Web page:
Research and Technology

Positive in its intent but threatening to those unfamiliar with it, information technology, also called IT, revolutionized the apparel industry in the late 1990s. Combined with its many innovative computer-driven tools, this method of electronic commerce created a ripple effect that caused large and small industry players to evaluate their viability within the market. Those who could afford the necessary time and monetary investments usually saw worthwhile, if not significant, returns. Some who were cash-strapped or interested in sharing the risk opted for partnership. Others, like the smaller, family-owned businesses, chose to abandon their places within the industry.

While the logistics of each area's IT market entry and evolution, as well as the learning curve associated with it, saw various forms of upheaval and transition before the onset of success but the overall benefits stretched industrywide. One apparel group executive noted that having access to IT-generated data not only made instant interpretation and understanding of fashion trends a reality but that it also encouraged cooperation among all the channels toward the seamless flow of goods to meet the demands, if not stay ahead, of those trends. Computer hardware and software, along with the Internet and World Wide Web, facilitated this new infrastructure and introduced systems that improved avenues of sales forecasting, product planning, warehouse management, manufacturing, distribution, order entry, and sales support.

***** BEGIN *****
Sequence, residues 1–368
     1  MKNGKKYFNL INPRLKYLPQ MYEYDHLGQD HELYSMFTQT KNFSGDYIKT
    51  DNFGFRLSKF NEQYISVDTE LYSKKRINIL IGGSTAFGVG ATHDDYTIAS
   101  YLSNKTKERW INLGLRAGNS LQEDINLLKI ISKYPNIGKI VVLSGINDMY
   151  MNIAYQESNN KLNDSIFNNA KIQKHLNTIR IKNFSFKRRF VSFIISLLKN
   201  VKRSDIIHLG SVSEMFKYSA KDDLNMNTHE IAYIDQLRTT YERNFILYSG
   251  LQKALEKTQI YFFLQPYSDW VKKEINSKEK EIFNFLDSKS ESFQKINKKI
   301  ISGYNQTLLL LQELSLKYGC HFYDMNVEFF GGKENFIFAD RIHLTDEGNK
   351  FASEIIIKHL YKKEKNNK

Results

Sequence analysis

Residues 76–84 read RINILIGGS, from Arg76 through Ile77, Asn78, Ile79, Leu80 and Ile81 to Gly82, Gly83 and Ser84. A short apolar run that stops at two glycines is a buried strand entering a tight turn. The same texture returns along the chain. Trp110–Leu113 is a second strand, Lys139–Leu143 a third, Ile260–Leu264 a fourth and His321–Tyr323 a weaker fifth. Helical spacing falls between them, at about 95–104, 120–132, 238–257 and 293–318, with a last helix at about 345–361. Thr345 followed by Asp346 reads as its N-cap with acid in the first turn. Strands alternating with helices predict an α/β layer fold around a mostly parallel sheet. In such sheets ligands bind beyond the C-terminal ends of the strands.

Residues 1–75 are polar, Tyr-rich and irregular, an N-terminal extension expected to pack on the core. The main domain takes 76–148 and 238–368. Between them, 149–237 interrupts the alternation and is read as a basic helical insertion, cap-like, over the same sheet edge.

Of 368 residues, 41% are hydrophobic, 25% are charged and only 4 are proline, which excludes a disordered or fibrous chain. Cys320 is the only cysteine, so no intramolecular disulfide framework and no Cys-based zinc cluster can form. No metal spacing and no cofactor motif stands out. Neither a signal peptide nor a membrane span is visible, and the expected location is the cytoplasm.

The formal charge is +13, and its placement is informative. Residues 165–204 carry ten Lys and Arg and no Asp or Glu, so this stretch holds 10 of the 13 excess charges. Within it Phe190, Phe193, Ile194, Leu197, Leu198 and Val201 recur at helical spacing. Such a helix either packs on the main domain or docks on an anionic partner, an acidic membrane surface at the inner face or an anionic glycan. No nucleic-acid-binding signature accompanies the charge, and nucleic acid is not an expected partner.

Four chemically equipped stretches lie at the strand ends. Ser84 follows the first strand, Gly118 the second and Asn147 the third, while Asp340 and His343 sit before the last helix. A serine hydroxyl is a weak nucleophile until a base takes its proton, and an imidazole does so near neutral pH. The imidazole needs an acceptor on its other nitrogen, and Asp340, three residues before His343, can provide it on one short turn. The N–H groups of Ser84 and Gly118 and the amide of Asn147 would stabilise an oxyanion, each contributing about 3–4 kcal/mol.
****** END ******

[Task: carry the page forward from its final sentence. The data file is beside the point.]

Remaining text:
Further Reading

Apparel Import Digest. Arlington, VA: American Apparel Manufacturers Association, 1997.

Apparel Industry Trends. Arlington, VA: American Apparel Manufacturers Association, March 1997.

Focus: An Economic Profile of the Apparel Industry. Arlington, VA: American Apparel Manufacturers Association, 1996.

Hill, Suzette. "Women's Wear Makers Look Ahead to 2005." Apparel Industry Magazine Online, 1999. Available from .

"Import Growth Slowing, AAMA Says." Apparel Industry, June 1996.

Shelton, Linda, and Robert Wallace. "World Textile and Apparel Trade: A New Era." Industry, Trade, and Technology Review, October 1996.

Statistical Abstract of the United States. Washington, D.C.: U.S. Department of Commerce, 1996.

United States Census Bureau. "Statistics for Industries and Industry Groups: 2000." Annual Survey of Manufacturers. February 2002. Available from .

U.S. Department of Commerce, Economics and Statictics Administration. Annual Survey of Manufacturers: Statistics for Industry Groups and Industries. Bureau of the Census, 1999. Available from .